Is there a way to give a particular name to a unix screen session? For instance, say I'm running the same program multiple times, each with different parameters and I want to tell which one is which.


6 Answers 6


You can name a session when starting it with the -S name option. From within a running screen, you can change it by typing

Ctrl+A,: followed by sessionname name(1).

You can view running screen sessions with screen -ls, and connect to one by name with

screen -xS name

(1):name is and an arbitrary string which will become the new session name. If the session name contains whitespace, quote it with single or double quotes.

Within a single screen session, you can also name each window. Do this by typing Ctrl+A, A then the name you want. You can view an interactive list of named windows by typing Ctrl+A, ", and select the one you want to switch to from that list.

Naming both screens and terminals within screens is really helpful for remembering what they are and why you started them in the first place.

  • 9
    Renaming a screen session after it's started is possible (using :sessionname NEWNAME), but it's "generally discouraged". The $STY environment variable still refers to the original name. See the screen manual: gnu.org/software/screen/manual/html_node/Session-Name.html Commented Jun 14, 2016 at 20:02
  • heads-up: you need a uppercase A, to rename the window!
    – oceanBT
    Commented Jan 28, 2022 at 12:57

There are two concepts here, and I'm not sure which one you have in mind:

  • You can have multiple screen windows. Each window runs a shell or other program. All the windows are hosted by the same process. C-a c creates a window, C-a n and C-a p switch to the next/previous window, and so on.
  • You can have multiple screen sessions. Each session is hosted by its own process and is independent of all other sessions. Starting screen without any reattach (-r or -R) option creates a new session.

Windows have titles, which can be set through the -t command line option, the C-a A key binding, the title command, or the \ek escape sequence. See shellter's answer for more details.

Sessions can have names. You'd typically set the name on the command line with the -S option; if you don't specify a name, screen makes one up. If you use multiple screen sessions, you'd typically give them different session names. You can list the running screen session with screen -ls; the first word on each session line is 12345.sessionname where 12345 is the screen process ID. Use screen -r sessionname or screen -r 12345 to resume a session indicated through its name or process ID.

  • 1
    In the default key bindings, to change title you have to use C-a A.
    – enzotib
    Commented Dec 21, 2011 at 6:49
  • I think this should be the accepted answer as it states the difference between session and window very clearly.
    – rioted
    Commented Aug 26, 2022 at 13:12

To start:

screen -S mysession

To resume:

screen -r mysession


  • 2
    This is the simpler and straightforward answer.
    – vpz
    Commented Nov 17, 2021 at 13:28

Ah... Screen, it takes me back ;-)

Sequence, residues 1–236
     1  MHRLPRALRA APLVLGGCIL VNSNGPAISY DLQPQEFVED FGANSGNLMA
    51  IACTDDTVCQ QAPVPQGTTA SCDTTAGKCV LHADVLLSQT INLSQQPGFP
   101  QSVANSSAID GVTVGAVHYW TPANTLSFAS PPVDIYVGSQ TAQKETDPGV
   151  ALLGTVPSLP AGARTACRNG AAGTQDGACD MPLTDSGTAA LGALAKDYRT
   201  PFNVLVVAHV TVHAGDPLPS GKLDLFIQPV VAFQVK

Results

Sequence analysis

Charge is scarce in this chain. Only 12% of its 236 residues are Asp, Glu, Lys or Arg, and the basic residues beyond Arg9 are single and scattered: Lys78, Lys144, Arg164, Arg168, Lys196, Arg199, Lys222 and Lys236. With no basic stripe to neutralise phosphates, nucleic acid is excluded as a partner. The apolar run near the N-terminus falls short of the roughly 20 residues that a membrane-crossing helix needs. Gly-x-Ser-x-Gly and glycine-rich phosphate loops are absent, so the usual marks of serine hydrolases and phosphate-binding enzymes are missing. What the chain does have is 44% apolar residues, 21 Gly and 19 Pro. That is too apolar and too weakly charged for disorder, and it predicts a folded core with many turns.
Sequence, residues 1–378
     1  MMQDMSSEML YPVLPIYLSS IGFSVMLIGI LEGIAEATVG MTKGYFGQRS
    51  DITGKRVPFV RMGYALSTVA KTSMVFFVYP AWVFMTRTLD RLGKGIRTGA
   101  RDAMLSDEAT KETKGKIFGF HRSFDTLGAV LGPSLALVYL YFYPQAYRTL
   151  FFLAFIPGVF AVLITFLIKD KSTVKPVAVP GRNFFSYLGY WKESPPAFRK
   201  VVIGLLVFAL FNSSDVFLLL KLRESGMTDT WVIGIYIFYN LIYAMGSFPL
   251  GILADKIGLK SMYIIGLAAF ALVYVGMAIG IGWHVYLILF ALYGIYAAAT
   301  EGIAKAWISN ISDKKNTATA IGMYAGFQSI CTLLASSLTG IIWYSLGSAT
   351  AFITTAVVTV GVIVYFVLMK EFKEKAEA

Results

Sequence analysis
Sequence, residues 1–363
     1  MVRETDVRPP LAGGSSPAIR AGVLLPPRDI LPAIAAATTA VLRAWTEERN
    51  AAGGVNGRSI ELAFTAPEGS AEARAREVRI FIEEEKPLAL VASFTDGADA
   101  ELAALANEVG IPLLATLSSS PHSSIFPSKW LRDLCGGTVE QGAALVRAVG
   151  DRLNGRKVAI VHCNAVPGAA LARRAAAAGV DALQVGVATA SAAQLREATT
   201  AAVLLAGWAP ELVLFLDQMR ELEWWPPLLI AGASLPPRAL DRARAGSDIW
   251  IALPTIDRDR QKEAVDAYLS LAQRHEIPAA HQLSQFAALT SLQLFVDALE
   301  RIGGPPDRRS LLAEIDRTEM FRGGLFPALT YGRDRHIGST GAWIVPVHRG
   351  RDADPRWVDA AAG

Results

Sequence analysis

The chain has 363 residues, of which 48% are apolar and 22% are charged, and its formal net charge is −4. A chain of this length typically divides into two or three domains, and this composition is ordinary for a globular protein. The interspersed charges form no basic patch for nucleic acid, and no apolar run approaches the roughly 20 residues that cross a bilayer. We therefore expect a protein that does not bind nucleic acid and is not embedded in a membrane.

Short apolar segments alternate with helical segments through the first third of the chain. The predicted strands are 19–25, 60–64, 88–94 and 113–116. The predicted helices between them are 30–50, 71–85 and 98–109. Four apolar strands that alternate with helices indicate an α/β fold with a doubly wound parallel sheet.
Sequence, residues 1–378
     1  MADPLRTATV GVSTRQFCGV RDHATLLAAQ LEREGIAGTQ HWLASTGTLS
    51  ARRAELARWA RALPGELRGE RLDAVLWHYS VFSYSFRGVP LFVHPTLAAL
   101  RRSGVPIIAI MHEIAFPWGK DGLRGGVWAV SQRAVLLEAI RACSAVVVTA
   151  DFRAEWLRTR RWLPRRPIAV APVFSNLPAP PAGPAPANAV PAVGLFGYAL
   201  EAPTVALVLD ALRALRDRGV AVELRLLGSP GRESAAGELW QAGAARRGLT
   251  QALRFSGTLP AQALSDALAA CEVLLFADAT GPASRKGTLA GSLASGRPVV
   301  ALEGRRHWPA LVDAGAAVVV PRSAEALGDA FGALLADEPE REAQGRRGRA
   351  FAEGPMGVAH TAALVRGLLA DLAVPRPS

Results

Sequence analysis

For one window

-t name
    sets the title (a.k.a.) for the default shell or specified program. 
    See also the "shelltitle" .screenrc command.

For multiple sessions started from your .screenrc

screen -t top 2 nice top
screen -t ....

Here's a link to one on-line copy of the man-page for screen.

As @MrFooz rightly points out, the $0 is not expanded when inside single quotes, the correct code is,

cat scrnTitle.sh
echo -ne "\ek${0}\e\\"

As pointed out in comment below by @lindes, there is also a keyboard/interactive way to change the title: Ctrl aA (Control-a followed by capital A).

If you're going to be using screen, it is really worth reading through the man page completely, as there are lots of features.

I still don't have a system with a working screen so I can't test to verify.

  • Thanks, this helps a lot. Is there anyway to rename an already existent screen session? Commented Apr 27, 2011 at 21:19
  • Nice answer @shellter! I'm curious, did you say "takes me back" to mean you use something else these days (e.g tmux), or just that it's over 32 years old?
    – tutuDajuju
    Commented May 17, 2019 at 7:27
  • 1
    @tutuDajuju : Gulp, now that I think about it, I've used screen at least 25 years. Takes me back, because now it is a special use case that would take me to screen. Normally I just keep opening X-Terms, but I remember when it seemed impossible to run X on a 486 PC ;-) Cheers!
    – shellter
    Commented May 17, 2019 at 13:49
  • @shellter FYI, I ran X on a 486 PC with 8Mb RAM back in 1992...
    – Eno
    Commented Oct 16, 2019 at 16:01
  • 2
    Nit: double quotes are needed instead of single quotes so that the ${0} substitution occurs: echo -ne "\ek${0}\e\\".
    – Mr Fooz
    Commented Mar 2, 2021 at 14:25

While running screen:

Ctrl+a (or whatever your screen escape sequence is) A


The answers above already tell you how to name a screen when you start it. They also point out that a screen can't be renamed after it has been started. The window title can be set but the name used to attach to the screen remains pid.pty.host.

However, to achieve a useful effect I've found that using alias work pretty well. If I forget to name a screen or find myself in a session with a bunch of screens up that have naturally become screens for particular tasks I simply set an alias for the command to attach to them.


alias goncompile='screen -r 2354'

Issuing the alias command by itself will remind you what screens you have up and command you have set to attach to them.

Use unalias to remove them.

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